Oil May Help Reduce Exercise-Induced Asthma SymptomsNew
research findings from Indiana University show that people with exercise-induced
asthma were able to reduce their symptoms below the threshold used
to diagnose the disease by eating a diet supplemented with fish oil.
The new findings can be found in the January issue of the journal
The research showed that the special diet with added fish oil
reduced narrowing of the patient's airway and enabled the person
to use less asthma medication. These findings, in combination with
related research findings by exercise physiologist Timothy D. Mickleborough,
show the possible benefits of combining dietary supplementation
with reduced medication. A combination of these into a treatment
could be at least as beneficial as either in isolation. There would
also be fewer of the potential side effects from medication, such
as reduced effectiveness from long-term use and toxicity from some
"There have been remarkable advances in asthma therapy over
the last 10 years. Inhaled corticosteroids and short-acting beta-2-agonists
have proven to be highly effective. Long-acting beta-2-agonists
have facilitated the control of asthma, and daily medications such
as leukotriene modifiers have recently proven highly effective
in asthma therapy. However, these medications are not without real
and potential side effects," said Mickleborough, assistant
professor in the Department of Kinesiology at IU Bloomington. "Alternative
therapies for EIA, or therapies that reduce the dose requirements
of traditional medications, would be of benefit to the asthmatic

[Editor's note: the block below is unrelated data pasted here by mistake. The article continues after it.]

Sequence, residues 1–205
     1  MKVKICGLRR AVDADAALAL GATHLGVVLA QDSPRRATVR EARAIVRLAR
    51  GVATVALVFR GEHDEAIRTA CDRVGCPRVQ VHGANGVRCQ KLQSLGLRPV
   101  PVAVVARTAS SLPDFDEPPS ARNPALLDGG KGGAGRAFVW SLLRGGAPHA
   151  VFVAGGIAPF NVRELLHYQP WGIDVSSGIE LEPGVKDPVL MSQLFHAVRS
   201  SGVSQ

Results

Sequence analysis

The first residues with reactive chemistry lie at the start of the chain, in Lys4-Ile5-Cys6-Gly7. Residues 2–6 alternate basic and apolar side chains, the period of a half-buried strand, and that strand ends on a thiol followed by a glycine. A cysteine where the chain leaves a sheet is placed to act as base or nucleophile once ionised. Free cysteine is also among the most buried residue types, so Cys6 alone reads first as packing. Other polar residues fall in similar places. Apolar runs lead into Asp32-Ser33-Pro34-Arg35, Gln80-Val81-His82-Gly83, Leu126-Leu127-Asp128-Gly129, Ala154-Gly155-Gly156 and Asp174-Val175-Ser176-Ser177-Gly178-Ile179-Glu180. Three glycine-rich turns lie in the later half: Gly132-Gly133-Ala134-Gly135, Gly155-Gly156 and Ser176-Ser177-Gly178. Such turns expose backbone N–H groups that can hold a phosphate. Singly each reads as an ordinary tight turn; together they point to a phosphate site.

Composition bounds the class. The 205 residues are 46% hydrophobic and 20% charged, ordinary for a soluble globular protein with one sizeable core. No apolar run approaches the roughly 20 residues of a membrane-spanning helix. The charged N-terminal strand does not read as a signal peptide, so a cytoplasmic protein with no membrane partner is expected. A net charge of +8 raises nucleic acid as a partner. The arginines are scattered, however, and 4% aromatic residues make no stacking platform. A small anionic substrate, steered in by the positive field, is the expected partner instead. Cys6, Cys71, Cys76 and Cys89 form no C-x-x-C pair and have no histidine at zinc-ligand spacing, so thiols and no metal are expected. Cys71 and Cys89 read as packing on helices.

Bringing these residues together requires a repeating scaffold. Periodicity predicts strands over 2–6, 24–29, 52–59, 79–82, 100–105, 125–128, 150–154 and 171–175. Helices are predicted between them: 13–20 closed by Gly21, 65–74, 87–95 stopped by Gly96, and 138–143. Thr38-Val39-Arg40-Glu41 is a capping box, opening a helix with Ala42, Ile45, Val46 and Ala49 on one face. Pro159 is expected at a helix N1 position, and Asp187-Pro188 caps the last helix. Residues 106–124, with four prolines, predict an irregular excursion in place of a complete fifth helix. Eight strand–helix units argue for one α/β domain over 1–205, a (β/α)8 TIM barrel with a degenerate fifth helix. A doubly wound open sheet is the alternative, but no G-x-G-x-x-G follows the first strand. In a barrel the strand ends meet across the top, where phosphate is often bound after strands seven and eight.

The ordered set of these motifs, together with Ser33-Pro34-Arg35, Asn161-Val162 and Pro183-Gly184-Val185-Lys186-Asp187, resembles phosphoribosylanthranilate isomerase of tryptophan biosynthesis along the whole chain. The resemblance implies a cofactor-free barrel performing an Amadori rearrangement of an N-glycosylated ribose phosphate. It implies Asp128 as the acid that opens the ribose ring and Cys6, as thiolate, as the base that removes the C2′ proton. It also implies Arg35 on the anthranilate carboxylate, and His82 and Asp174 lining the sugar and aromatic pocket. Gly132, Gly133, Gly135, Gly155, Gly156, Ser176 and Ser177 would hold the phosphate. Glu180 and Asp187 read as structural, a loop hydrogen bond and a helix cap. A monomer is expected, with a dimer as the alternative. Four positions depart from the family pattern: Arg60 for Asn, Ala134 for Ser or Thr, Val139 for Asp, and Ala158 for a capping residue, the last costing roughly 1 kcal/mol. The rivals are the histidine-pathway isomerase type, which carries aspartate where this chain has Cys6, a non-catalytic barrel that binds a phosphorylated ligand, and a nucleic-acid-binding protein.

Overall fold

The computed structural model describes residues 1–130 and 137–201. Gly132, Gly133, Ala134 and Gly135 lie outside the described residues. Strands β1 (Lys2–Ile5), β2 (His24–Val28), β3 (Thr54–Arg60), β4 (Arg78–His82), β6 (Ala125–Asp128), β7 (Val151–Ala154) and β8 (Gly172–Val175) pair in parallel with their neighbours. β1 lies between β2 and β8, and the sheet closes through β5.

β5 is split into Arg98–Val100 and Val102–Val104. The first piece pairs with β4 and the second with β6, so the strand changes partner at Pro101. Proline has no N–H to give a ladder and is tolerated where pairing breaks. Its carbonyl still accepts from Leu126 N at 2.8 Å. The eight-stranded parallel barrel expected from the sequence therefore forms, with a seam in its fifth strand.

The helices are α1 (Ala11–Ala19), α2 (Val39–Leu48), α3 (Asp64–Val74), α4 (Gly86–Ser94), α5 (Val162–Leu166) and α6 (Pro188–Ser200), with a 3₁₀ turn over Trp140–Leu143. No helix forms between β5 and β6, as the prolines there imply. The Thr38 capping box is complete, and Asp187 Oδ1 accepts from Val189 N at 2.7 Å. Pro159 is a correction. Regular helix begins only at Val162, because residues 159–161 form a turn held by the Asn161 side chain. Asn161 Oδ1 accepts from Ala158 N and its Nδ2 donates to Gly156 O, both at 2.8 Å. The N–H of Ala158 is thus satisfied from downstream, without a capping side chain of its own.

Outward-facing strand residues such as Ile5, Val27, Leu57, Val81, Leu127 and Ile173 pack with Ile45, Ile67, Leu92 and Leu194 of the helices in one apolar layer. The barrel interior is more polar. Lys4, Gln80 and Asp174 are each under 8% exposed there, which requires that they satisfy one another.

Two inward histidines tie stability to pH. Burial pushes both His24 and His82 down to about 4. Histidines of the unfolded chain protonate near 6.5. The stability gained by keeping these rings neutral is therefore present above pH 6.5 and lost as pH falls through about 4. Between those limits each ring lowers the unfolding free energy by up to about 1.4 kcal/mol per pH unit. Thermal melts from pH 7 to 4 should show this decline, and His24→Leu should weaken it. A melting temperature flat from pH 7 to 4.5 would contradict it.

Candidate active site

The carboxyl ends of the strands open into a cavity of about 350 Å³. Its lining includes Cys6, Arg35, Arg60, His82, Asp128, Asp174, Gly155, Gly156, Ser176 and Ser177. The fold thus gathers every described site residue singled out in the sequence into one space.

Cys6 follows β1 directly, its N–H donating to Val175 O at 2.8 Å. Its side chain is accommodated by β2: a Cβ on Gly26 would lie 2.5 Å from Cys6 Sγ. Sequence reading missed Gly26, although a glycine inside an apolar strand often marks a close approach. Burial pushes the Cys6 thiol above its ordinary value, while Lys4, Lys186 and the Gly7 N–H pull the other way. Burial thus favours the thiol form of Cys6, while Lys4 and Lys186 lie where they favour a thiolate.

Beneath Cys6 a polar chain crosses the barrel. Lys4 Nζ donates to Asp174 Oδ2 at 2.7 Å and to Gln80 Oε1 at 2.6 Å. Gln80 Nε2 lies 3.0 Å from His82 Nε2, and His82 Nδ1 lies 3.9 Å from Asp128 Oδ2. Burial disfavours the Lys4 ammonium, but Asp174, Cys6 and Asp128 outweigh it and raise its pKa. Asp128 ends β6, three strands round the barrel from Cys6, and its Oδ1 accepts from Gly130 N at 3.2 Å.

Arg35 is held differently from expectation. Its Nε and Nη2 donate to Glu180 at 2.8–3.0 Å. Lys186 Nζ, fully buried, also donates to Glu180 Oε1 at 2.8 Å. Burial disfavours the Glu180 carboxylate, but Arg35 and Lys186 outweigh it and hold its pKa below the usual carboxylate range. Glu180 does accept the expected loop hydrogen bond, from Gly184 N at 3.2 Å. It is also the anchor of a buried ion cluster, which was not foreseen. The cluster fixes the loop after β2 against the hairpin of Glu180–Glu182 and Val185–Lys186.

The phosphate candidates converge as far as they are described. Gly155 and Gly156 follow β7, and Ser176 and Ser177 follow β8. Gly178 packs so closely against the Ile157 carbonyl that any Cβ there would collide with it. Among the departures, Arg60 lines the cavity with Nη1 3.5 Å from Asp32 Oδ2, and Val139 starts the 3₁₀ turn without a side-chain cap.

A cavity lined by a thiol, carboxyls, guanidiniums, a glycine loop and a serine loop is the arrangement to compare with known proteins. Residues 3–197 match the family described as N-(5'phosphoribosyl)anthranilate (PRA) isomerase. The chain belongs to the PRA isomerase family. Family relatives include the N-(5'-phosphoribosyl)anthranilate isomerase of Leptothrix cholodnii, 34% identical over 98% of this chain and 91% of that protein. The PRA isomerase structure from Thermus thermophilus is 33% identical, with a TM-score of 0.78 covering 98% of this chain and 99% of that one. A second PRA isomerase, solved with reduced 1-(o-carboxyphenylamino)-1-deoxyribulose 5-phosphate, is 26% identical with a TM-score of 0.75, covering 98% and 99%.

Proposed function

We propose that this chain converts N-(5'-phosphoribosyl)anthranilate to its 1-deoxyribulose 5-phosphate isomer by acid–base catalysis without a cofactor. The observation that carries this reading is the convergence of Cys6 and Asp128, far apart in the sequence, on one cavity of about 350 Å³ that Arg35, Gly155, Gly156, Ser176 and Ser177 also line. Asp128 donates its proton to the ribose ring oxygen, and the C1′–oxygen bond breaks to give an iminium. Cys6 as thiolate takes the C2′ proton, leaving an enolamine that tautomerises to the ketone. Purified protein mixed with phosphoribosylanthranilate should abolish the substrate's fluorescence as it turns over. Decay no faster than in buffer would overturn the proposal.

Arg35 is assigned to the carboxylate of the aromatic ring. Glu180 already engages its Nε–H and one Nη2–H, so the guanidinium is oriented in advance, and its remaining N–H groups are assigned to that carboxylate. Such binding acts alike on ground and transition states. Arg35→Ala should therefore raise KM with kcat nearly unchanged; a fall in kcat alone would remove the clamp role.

and potentially reduce the public health burden of this disease."
In exercise-induced asthma (EIA) breathing becomes difficult due
an acute narrowing of the airway after exercise triggered by
vigorous exercise. Around 80 percent of people with asthma have
this condition, also called exercise-induced bronchoconstriction.
EIA also is found in an estimated 10 percent or more of elite
athletes and as much as 10 percent of the general population
without asthma. EIA can discourage people, particularly children,
from participating in sports and other physical activity.
"Exercise is a powerful trigger for asthma symptoms, so young
individuals may avoid vigorous activity, resulting in damaging
consequences to their physical and social well-being," Mickleborough
The study’s participants were adults with mild to moderate
persistent asthma. In the study, the post-exercise lung function
of participants improved by about 64 percent and their use of emergency
inhalers decreased by 31 percent when they consumed a diet supplemented
with fish oil, rich in omega-3 polyunsaturated fatty acids (n-3
PUFA), for three weeks.
The typical diet for people in Western societies includes 20 to
25 times more n-6 polyunsaturated fatty acids (found in sunflower,
safflower, and corn oils among others) than n-3 PUFA (also found
in canola and flaxseed oils, along with fish oil). The Western
diet is also considered pro-inflammatory.
Key Research Findings
One of the key findings from the study was that, while on the diet
supplemented daily with fish oil (3.2 grams of eicosapentaenoic
acid and 2 grams of docohexaenoic acid), airway pro-inflammatory
cells and markers, which are responsible for airway inflammation
and subsequent airway obstruction, were reduced in sputum taken
from the EIA subjects.
The randomized, double-blind cross-over study involved 16 people
with mild-to-moderate persistent asthma, meaning they required
daily maintenance medications to control their symptoms. The study
participants did not use their maintenance medication during the
course of the study and were all considered recreationally active.
The fish oil was pharmaceutical grade, meaning it was purified
at a molecular level to remove metals and other harmful contaminants
that can be present in retail fish oil products.
Co-authors of the report include Martin Lindley, research scientist
in the IUB Department of Kinesiology; Alyce Fly, associate professor
in the IUB Department of Applied Health Science; and Alina Ionescu,
Department of Respiratory Medicine, University of Wales College
of Medicine, Cardiff, UK.
Studies on the impact of diet on EIA are limited and inconclusive.
Research by Mickleborough and his colleagues has provided the most
complete picture to date of the impact fish oil and low-salt diets
can have on exercise-induced asthma.
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